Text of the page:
The new edition of the Journal of the Early Republic has appeared. It includes a number of pieces relevant to the material covered in Native America. You will want to take a look at Karim Tiro’s review essay covering “New Narratives of the Conquest of the Ohio Country.” Karim, a professor of history at Xavier University in Cincinnati, reviews the following books: Colin Calloway’s The Victory with No Name about St. Clair’s defeat in 1791, William Heath’s William Wells and the Struggle for the Old Northwest, and Sami Lakomaki’s Gathering Together about the Shawnees.
Lori Daggar, an assistant professor of history at Ursinus College, published an article that students might want to consult. Professor Daggar writes about “The Mission Complex: Economic Development, ‘Civilization,’ and Empire in the Early Republic.” The abstract to her article reads as follows:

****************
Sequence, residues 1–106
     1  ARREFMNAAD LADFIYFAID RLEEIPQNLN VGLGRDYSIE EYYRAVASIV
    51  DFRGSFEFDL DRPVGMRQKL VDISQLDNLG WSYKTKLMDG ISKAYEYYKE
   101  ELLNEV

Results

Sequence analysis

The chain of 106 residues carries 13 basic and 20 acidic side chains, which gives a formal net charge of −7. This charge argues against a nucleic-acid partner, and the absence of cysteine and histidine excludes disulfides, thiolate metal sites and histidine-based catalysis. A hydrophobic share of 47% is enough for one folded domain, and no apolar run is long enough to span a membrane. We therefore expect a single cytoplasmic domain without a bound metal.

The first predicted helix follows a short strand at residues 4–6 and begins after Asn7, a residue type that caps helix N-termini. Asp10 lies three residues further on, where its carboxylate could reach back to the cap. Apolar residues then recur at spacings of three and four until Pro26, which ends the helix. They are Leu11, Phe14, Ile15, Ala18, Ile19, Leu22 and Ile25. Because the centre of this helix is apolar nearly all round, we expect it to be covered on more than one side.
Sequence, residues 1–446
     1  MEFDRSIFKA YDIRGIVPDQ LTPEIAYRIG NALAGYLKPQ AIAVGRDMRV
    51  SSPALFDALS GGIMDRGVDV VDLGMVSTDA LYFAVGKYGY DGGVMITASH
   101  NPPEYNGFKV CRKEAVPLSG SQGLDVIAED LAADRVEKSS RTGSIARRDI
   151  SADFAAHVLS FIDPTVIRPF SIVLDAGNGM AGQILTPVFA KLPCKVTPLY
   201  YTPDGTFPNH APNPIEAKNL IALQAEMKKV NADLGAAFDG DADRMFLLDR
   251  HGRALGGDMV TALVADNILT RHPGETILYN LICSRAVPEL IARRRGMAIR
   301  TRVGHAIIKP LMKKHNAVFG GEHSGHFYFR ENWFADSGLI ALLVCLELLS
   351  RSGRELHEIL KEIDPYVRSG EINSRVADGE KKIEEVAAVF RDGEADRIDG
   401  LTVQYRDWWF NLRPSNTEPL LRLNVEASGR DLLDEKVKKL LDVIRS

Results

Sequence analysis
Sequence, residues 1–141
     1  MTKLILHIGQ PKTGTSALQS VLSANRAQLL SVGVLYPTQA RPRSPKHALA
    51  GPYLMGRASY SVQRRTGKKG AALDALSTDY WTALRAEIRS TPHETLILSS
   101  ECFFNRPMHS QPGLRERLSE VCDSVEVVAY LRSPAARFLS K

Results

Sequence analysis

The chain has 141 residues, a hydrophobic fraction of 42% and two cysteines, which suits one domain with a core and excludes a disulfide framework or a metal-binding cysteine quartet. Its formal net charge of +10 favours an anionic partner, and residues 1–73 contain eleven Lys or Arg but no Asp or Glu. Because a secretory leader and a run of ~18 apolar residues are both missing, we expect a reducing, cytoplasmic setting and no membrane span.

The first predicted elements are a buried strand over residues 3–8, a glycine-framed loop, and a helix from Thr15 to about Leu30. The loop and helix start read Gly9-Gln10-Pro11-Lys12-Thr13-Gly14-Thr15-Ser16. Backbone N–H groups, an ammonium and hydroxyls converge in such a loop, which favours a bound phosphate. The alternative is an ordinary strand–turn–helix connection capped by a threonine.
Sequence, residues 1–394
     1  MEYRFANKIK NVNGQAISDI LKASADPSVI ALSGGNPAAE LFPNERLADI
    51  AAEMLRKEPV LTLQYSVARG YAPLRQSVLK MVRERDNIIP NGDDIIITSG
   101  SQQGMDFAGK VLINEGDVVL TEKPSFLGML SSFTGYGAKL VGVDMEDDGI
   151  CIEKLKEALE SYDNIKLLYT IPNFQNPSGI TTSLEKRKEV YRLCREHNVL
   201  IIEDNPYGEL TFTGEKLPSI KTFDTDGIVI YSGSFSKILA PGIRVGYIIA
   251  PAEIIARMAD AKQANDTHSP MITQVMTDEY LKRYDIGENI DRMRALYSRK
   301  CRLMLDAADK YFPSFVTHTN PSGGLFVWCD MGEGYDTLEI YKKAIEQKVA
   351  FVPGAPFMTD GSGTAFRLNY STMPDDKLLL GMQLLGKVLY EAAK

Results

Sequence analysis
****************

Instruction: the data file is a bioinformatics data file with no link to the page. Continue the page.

The “mission complex” expanded the influence and power of the United States in the Ohio Country and beyond. It linked missionaries, humanitarians, manufacturers, federal employees, and indigenous peoples through networks of markets and capital: the material goods used in the agricultural missions offered a means both to stimulate business for eastern (and developing western) manufacturers and to develop a new consumer base in the Ohio Country. Attention to the functioning of this system, based upon free yet hierarchical relations of power, reveals how the early U.S. empire thrived off of economic growth. Paying attention to indigenous peoples’ appropriation and manipulation of the complex, moreover, reveals that some Native communities and individuals endeavored to take advantage of missionary labor, while others endeavored to facilitate their engagement with the U.S. economy by reinforcing ties with both the federal government and Euroamericans. Ultimately, analysis of the mission complex reveals that imperial state policy, as well as a myriad of Native and non-Native actors, facilitated the development and expansion of capitalist markets and forms of labor in the early republic.